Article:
In 2014, the Louvre and the Tate Modern between them received over 12 million visitors. In November of the same year, Christie’s contemporary art sale raised an astonishing $852.9m. Not only has the widely forecast ‘end of art’ (Belting 1987, Danto 1986, 1995) failed to materialise, but art has increasingly spilled beyond the refined spaces of the Tuileries, the Southbank, and the auction houses for the super-rich. Whether it’s Banksy’s murals being torn off walls by ‘ignorant’ council officials in Clacton-on-Sea, the Occupy movement’s ‘bat signal’ being projected onto the Verizon building in New York, or the launch of Paul McCarthy’s ambiguously sexual Parisian ‘Tree’ sculpture, new forms and engagements with art generate fierce debate in all spheres of social, economic, and political life. Are these controversies still about ideas of beauty? Or has art succumbed to spectacle and money? And what, if any, is the relation of contemporary art to the political?
Superstar artists and seven-figure sums fuel the popular imagination, but behind the glamour, there are important new theoretical approaches to and within art being elaborated that go beyond aesthetic judgements of what deserves to be labelled as ‘art’, or financial judgements as to what constitutes ‘value’.
A good starting point is James Elkins’ seemingly innocent opener that ‘seeing is metamorphosis, not mechanism’ (1996: 12). Elkins argues that visiting a gallery and looking at a piece of art, evaluating whether it is ‘beautiful’ or not, is no longer of theoretical interest. Instead, for Elkins, the emphasis lies in how the beholder of a work of art becomes engaged in such a way that a ‘metamorphosis’ is prompted. Nicolas Bourriaud (1998) goes even further, arguing that art works should be judged not on old-fashioned criteria of ‘beauty’, but on the work’s potential to bring people together into spaces he calls ‘micro-utopias’, temporary spaces in which people can enter into dialogue and create meaning in a democratic manner.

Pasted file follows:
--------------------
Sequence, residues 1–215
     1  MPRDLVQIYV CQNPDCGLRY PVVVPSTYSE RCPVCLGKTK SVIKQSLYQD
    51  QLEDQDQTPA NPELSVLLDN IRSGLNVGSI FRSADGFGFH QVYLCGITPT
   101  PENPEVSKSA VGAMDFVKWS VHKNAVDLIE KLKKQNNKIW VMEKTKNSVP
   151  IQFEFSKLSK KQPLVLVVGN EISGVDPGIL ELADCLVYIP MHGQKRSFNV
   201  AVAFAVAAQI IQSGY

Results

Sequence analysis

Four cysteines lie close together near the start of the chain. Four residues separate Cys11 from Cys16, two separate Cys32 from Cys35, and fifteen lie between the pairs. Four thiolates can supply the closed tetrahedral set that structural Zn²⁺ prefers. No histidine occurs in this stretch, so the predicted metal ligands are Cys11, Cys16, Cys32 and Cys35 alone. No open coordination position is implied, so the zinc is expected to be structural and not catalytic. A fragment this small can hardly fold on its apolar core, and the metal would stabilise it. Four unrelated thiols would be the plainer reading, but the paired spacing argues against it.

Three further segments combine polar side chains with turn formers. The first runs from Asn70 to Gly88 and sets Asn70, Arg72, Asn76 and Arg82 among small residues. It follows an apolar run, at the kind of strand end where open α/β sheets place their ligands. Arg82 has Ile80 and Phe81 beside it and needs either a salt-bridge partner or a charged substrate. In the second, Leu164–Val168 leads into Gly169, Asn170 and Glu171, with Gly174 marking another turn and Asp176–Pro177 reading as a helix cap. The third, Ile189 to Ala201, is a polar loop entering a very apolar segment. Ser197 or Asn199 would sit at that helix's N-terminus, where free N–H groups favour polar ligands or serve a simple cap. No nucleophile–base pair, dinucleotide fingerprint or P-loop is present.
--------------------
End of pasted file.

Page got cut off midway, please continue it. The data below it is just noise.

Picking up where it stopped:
Such ‘relational aesthetics’ has always occurred in various ways, and beauty is no longer the central criterion for describing and valuing art. Think of the discussions we have with our friends in the gallery café after visiting an exhibition, the reviews and comments we look up before going to see a film in online forums, or the live blogging events that accompany major television shows. Each environment is a space in which we see, we share, and we exchange.
The micro-utopias generated by art works are theoretically open to all, a democratic and emancipatory connotation that also potentialises public art (or graffiti), a mode of expression with its own publics and forms of political negotiations in the street. These dimensions of sociability and participation, connected to the idea that seeing is metamorphosis rather than mechanism, renders art political in a manner that goes beyond sloganeering: for thinkers such as Elkins and Bourriaud, these exchanges in sociable arenas are intrinsically linked to individual and collective dimensions of transformation.
Recently, accompanying ideas of decentralisation and horizontality and observations about the complicity of ‘radical artists’ with the post-Fordist working environments they sought to critique, artists, scholars, and publics have begun to re-evaluate art’s political potential. How can we better understand ideas like creativity and political subjectivity in times when ‘being creative’ has become the latest buzzword in a relentlessly entrepreneurial climate? With sublime beauty and financial value becoming increasingly old-fashioned ways of understanding art, and with more complex relations between new media, global markets, and politicised participatory art forms emerging to define the public perception of art, a multiplicity of new approaches to art proliferate.